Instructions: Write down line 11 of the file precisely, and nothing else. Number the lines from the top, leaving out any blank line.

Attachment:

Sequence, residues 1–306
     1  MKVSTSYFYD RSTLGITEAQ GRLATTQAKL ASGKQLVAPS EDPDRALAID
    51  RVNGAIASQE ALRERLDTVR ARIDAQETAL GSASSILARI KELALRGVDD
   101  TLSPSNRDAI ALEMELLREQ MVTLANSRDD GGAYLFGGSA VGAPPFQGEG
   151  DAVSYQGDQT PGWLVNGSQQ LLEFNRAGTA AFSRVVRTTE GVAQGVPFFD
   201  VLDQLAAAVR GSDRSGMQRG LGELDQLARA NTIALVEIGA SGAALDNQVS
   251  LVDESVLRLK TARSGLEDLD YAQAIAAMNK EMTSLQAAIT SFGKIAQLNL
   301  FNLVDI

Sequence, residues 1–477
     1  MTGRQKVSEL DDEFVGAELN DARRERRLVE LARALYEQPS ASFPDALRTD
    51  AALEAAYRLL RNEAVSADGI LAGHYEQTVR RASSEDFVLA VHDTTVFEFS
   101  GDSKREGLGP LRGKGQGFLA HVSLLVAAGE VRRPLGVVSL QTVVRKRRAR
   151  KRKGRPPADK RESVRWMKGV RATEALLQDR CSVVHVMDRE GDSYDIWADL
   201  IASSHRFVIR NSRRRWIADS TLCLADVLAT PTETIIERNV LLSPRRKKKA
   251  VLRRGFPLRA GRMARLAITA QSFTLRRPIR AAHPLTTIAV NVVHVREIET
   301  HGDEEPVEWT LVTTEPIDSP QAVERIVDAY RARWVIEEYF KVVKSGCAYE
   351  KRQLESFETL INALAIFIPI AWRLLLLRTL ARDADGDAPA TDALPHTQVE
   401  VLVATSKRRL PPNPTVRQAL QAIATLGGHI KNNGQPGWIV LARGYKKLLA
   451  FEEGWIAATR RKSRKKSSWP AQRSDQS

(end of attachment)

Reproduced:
    51  AALEAAYRLL RNEAVSADGI LAGHYEQTVR RASSEDFVLA VHDTTVFEFS